Although 100Mt/year of hydrogen is produced globally and at scale, it’s overwhelmingly for the chemical industry. So there’s a long way to go for it to play a role in the energy transition. It’s not even clear whether hydrogen will be best used directly as a power source or through further conversion into other powerfuels. That’s why Dolf Gielen and Emanuele Taibi at IRENA are scoping out the challenges of reducing production costs and finding markets. The cost of the clean electricity used to power hydrogen manufacture (making it emission-free, as producing it from coal plants would be pointless without CCUS) is crucial. The cost and efficiency of the electrolysers used to create it, too. The cost of liquefying this highly volatile gas for transportation and storage adds substantially to the lifecycle efficiency losses. Although costs will come down, the authors predict a high carbon price will still be needed, even in 2050, to make it competitive with gas. Those costs are indeed falling which explains why, along with the urgency of climate change, clean hydrogen is gaining political and business momentum, explain the authors. And with lower costs will come the markets: vehicle fuel cells, conversion to powerfuels, utilising the spare capacity of renewables, and replacing gas.
Hydrogen is high on the agenda of the new European Commission. Frans Timmermans (EC Executive Vice-President for the European Green Deal) spoke at a stakeholder forum of the Fuel Cell and Hydrogen Joint Undertaking on 21st November.
He stated that Europe should extend its lead in clean hydrogen through quick successes. Hydrogen in existing gas infrastructure can go hand-in-hand with increasing the share of electricity in Europe’s energy system, allowing storage of renewable electricity surpluses.
The hydrogen appeal is global. Countries such as Australia, Germany, France, Korea and Japan have issued a roadmap or are in the process of issuing one. The growing and significant number of hydrogen conferences is an indicator for the widespread interest. Stocks of OEMs with a hydrogen link ride high. There are various reasons for this positive attention:
- The widespread recognition that energy transformation towards zero carbon emissions is needed, much faster than anticipated at the time of the adoption of the Paris agreement.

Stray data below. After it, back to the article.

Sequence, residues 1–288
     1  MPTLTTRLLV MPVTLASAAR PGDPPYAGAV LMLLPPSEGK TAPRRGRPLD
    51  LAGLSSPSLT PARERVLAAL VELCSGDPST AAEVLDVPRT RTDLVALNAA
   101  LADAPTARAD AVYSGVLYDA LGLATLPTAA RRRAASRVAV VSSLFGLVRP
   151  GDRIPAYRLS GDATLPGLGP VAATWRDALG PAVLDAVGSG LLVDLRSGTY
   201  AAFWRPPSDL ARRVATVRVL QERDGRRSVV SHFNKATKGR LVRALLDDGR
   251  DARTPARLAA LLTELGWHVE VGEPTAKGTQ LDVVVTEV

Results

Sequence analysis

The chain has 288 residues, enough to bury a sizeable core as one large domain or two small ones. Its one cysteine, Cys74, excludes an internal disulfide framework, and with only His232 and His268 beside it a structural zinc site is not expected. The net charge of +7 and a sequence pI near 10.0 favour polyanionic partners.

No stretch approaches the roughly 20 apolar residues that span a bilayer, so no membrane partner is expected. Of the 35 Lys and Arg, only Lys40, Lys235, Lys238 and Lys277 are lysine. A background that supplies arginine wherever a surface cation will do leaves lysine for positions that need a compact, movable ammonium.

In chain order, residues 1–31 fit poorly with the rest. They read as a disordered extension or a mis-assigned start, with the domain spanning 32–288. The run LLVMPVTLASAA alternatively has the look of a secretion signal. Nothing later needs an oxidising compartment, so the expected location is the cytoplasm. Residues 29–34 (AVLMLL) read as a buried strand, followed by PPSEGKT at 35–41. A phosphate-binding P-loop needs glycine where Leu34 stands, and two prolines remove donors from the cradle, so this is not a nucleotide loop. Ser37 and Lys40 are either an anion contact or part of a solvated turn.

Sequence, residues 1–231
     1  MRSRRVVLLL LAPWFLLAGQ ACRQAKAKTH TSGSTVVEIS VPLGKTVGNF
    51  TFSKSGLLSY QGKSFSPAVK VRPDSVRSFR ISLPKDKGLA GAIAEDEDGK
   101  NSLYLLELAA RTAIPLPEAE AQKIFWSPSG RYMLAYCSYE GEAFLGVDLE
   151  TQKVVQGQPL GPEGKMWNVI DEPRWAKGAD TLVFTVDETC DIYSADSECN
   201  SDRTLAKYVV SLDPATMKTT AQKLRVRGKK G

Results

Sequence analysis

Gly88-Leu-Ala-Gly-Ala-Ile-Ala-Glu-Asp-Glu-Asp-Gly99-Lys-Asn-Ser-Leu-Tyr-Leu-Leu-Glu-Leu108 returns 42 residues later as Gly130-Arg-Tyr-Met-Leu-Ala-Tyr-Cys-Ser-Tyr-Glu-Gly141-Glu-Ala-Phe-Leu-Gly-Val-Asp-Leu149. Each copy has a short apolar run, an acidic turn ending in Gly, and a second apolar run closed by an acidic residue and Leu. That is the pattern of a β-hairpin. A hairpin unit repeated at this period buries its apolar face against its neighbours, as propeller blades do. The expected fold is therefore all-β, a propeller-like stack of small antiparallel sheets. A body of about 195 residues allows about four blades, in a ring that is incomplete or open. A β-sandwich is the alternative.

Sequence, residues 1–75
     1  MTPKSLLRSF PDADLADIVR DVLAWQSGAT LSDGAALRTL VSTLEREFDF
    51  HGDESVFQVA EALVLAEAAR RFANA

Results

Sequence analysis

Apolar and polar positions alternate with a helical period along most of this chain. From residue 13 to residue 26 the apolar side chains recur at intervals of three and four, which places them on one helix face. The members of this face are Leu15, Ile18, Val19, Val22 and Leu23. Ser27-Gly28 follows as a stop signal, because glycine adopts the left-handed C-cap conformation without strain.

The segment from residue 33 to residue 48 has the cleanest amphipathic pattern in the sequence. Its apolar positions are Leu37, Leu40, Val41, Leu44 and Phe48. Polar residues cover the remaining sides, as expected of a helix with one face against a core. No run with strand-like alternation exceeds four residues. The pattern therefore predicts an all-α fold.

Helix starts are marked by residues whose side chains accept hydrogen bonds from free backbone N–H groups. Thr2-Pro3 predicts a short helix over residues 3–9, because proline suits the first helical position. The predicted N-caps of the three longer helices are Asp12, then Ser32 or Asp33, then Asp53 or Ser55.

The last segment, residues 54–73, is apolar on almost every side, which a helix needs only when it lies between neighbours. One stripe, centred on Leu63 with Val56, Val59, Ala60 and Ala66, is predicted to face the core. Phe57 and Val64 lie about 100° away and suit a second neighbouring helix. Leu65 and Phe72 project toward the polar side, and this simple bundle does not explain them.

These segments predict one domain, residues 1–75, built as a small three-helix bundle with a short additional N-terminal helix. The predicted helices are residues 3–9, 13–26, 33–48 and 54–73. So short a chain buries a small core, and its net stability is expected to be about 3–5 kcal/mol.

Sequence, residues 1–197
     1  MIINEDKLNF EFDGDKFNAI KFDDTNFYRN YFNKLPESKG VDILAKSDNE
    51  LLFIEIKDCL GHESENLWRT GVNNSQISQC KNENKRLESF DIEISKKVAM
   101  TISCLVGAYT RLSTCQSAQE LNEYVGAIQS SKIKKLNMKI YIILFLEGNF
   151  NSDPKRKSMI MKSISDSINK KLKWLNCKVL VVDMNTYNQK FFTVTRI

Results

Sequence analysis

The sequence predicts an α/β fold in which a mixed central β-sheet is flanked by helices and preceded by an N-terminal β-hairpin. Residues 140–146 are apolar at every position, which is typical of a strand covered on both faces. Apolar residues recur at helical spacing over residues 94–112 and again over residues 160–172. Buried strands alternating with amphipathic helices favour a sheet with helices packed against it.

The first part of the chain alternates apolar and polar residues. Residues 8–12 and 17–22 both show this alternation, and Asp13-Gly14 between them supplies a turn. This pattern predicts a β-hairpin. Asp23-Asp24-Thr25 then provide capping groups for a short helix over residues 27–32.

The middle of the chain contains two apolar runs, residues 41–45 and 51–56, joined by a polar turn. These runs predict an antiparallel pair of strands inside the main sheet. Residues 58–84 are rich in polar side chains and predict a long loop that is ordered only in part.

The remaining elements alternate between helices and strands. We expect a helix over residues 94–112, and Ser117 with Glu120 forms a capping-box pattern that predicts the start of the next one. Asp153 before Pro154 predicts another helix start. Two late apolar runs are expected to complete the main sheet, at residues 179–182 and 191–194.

- Electrification of half of all final energy use leaves us with the problem of the other half. Hydrogen can play a key role there. This includes freight transportation but also energy intensive industries and building heating.
- Whereas hydrogen can be used directly, there is also increasing attention for hydrogen derivatives such as ammonia and synthetic hydrocarbons, so-called e-fuels or powerfuels. Such solutions circumvent hydrogen logistic issues.
- Hydrogen can develop into an internationally traded commodity. This offers an opportunity for today’s fossil fuel exporting countries. The first green hydrogen was delivered from Australia (a major fossil fuel consumer, producer and exporter) to Japan in 2019. Far offshore wind or pipeline imports from the Middle East and North Africa (MENA) region are a possibility for Europe. For example, the latest Italian Roadmap considers this option.
- It can be transported in pipelines, possibly by retrofitting existing natural gas pipeline systems. Pipeline transportation is comparatively cheap. It may be easier to build a pipeline than an electricity transmission line, a consideration for hydrogen plans in connection with North Sea offshore wind.
- Hydrogen production units can help to increase the flexibility of power systems and may create a new opportunity to utilise the seasonal availability of excess renewable power, as hydrogen can be stored seasonally, similar to natural gas.
Hydrogen production is already “at scale”, though not yet clean
Although hydrogen is not a primary energy source it can be produced from fossil fuels without CCS (grey hydrogen), with CCS (blue hydrogen) or from renewable power through electrolysis (green hydrogen). Both fossil fuel and renewables industries see hydrogen as an opportunity. Hydrogen is not inherently low carbon: today 99% of all hydrogen is produced from fossil fuels or from electricity that is generated from fossil fuels, and the CO2 footprint is substantial.
Hydrogen is already an industrial commodity today. More than 100Mt per year of hydrogen is produced and consumed. Dedicated hydrogen pipelines have been in operation for decades.
In a European context Norwegian hydrogen produced from natural gas with offshore CO2 storage is a noteworthy option. Although the production of green hydrogen is small today it is growing rapidly. About 4% of hydrogen is a by-product from electrolysis for chlorine and soda production. New dedicated hydrogen electrolysers are a more recent development. Today less than 0.2 GW capacity exists. However the scale of electrolysers is increasing rapidly from MW to 100 MW or even GW scale, as highlighted by the recent 40 GW Hydrogen Alliance, which aims at deploying 40 GW of electrolysers to produce green hydrogen in Europe by 2030, and the 5 GW Murchison green hydrogen project in Western Australia, which combine some of the best solar and wind resources with electrolysis to produce green hydrogen.